I found Perpetua's Passion to be very well written and apparently well researched. Joyce E. Salisbury adeptly explores and explains the Roman and Carthaginian culture that Perpetua lived in. Mrs. Salisbury also seamlessly weaves into this tapestry a compelling picture of the Christian Church during the time of these events.
The book is based off of the diary that Perpetua kept during her captivity. Mrs. Salisbury explains the significance of Perpetua's actions in light of the culture of her day. She then shows the influence of Perpetua's story on the later Church.
All of this is very commendable. I was most impressed by the scholarship and insight of this book. Yet a question forms within me when I contemplate this book:
So what? Where is the heart in this book? There is nothing in this book which says anything about how these events speak to the soul of people today. Maybe I missed it...
What happened to Perpetua was more than a clinical historical event that affected the people immediately around her and eventually helped form certain patterns of thought within the Church. It was much more. It was a mortal being making an eternal statement. It was a moment in time where the Christian truth that there is more than this life was given a full embodiment in the actions of a young woman--A young woman who had every reason to live, yet for her, to die was gain. It was a moment of ultimate surrender, and at the same time, one of ultimate victory. The blood of the Martyrs is the seed of the Church!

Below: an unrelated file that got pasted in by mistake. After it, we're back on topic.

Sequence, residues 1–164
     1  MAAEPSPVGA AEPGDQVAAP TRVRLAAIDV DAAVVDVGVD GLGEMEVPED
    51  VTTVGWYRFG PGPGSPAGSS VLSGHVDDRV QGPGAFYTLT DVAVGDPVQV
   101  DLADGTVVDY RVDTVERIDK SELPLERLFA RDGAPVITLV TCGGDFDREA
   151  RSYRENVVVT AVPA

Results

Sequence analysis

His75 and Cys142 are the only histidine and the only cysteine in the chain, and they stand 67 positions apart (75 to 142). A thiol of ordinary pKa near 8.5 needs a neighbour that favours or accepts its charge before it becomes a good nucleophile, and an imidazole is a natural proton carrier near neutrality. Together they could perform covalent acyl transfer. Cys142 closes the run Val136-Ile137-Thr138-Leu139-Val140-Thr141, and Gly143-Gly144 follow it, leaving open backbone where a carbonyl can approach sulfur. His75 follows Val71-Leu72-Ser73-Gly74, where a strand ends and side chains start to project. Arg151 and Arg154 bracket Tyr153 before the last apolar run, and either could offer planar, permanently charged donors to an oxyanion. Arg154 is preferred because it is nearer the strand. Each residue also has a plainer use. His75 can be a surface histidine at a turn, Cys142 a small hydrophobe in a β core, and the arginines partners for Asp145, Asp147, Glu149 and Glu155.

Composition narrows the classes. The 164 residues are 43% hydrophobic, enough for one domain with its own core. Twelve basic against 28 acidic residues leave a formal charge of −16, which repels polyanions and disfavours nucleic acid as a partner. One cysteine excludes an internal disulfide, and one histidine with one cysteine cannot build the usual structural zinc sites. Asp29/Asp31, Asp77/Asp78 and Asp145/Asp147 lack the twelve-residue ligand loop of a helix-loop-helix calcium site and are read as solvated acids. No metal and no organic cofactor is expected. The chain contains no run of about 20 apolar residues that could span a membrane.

In the end, in spite of my objection, I recommend this book. It is insightful and instructive. However, don't just read this book with your head. Approach this one with your heart and your soul.
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Format: Paperback Verified Purchase
This is one of the most engaging biographies of a person living in ancient times that I have ever encountered. Prof. Salisbury did a thorough job researching the historical context for St. Perpetua. One can tell that she brought all her background and training to bear upon the task. The result is a highly readable and informative account driven by the words of Perpetua herself. Perpetua's death in the great theater at Carthage seems anticlimactic in one sense in that it was inevitable given the circumstances, but no less filled with pathos leading up to that day and after. Salisbury paints a picture of a sort that makes the reader feel like they are walking the path that Perpetua walked. For people of faith, especially, this a dramatic account that draws one in and holds one firmly in its grip until and beyond this young woman's martyrdom. This is a book that students of the early church will want to read again someday. I have recommended it to my students and colleagues.
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8 of 12 people found the following review helpful By A Customer on March 16, 1999
Format: Paperback
A scholarly look at the prison diary of St.Perpetua who was thrown to the beasts and finally killed with a sword for her faith.The author gives both Christian,Carthage and Roman background of the times and lets the martyr speak for herself.